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April 17, 2009

Tea Party 2009

Roy Meachum

The story made all the papers: Washington Post, New York Times, etc. In Frederick, the News-Post slapped it across the front page: "Tea Party" Brews on Tax Day."


Pushkin and I meant to go, at least to support friends Bob Miller and Blaine Young, whose WFMD broadcast Wednesday was dedicated entirely to the sentiment that spawned the protest. But, as all Frederick knows, the boy English pointer doesn't care for the rain. And when we fielded our first phone call about the Tea Party, it was raining cats and some other breeds of dogs. Maybe, even, normal pointers.


Instead we stayed dry inside and watched Heaven's juices pelting our newly planted posies. I turned on the radio and failed to catch my Friday morning chat buddy; we talk about movies and such. Blaine seemed to be having the time of his life. And I was glad! I disagreed with much of what was said but loved the tumultuous triumph for free speech.


Don't get me wrong: I think the level of taxation has been pushed too high. I'm also a Jeffersonian Democrat who believes government governs best when it governs least. There's nothing lower in my vocabulary than "bureaucrat." Holding a public job is not the same. Bureaucracy's shadow collapsed on my life this week. But I resolved the issue by refusing to be intimidated.


Intimidation has everything to do with the public's reaction to governmental rules and those who push them. I will not go into details about my latest crossing swords with bureaucracy. It's not fair and very boastful to brag that I walked right by; in fact, there turned out to be a rule I tested many times, and always won.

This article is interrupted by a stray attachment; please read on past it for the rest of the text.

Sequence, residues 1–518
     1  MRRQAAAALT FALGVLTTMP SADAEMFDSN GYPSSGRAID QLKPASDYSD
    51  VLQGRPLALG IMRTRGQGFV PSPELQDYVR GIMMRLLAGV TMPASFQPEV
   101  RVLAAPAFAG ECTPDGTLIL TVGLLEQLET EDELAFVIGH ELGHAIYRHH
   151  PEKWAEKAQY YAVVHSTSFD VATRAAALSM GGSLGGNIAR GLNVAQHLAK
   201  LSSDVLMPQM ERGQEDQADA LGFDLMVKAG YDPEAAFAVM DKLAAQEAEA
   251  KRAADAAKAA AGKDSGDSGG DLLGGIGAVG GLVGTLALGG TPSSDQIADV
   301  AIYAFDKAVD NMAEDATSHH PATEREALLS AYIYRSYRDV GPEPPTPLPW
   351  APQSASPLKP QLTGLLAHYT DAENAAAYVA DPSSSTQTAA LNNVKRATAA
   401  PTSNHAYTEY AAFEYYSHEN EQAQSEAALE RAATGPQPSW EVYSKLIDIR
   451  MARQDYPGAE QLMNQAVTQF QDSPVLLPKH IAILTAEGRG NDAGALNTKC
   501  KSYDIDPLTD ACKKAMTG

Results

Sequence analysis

Instinct tells me that what the turnouts in 1500 towns and cities were all about was the difficulty to swallow huge sums to keep the backbone of America's businesses afloat: the banks. Many like to quibble about who first started the mess. Bill Clinton seems the leading contender with softening rules during his terms.


But the Bush Administration easily walks away with the trophy. Led by Vice President Richard Cheney, early in its days of power the GOP White House followed G.M.'s former boss. "Engineer" Charlie Wilson declared that what was good for his once-mammoth corporation was good for the country as a whole. The vice president passed the word along at a meeting less than a month after he and the president were sworn in. This was a pro-business administration and he proved it.


Some of the WFMD speakers shouted so much their words were lost in distortion. But not their feelings: They are mad and won't take it anymore, to paraphrase Peter Finch's line from the film "Network." I share the frustration, and so does the newly elected president. While the tea-less parties were roaring away Barack Obama announced a wholesale reduction for 95 percent of Americans taxpayers.


Sitting in this old North Market Street house, I wondered how much the march on Winchester Hall had to do with taxes and suspected the major reason was Mr. Obama's November victory. From the demonstration before the White House, The Washington Post reported signs: "The Audacity of the Dope," "Tax Slavery Sucks" and "Obama bin Lyin'."


The general theme of the Frederick protest was taxes. But The News-Post quoted citizens that seemed more worried about the lowered economic atmosphere than taxes specifically. A couple from Libertytown told a reporter they are concerned about their grandchildren. The owner of a Walkersville sign making company said "her business is not doing well and she has lost some longtime customers," according to the local paper. General Motors lost more.


But the tea party celebrants did not want to hear about the nationwide unemployed and the country's sagging economy; that's not why the April 15 rallies were summoned. They stood tall and four-square for Americans' right to shout their disapprovals and disappointments in government. That's what I enjoyed and celebrated Wednesday.


All my fellow citizens should applaud the conservative, chiefly Republican, groups that braved rain and other inconveniences, to show disapproval of any and all excessive government spending.




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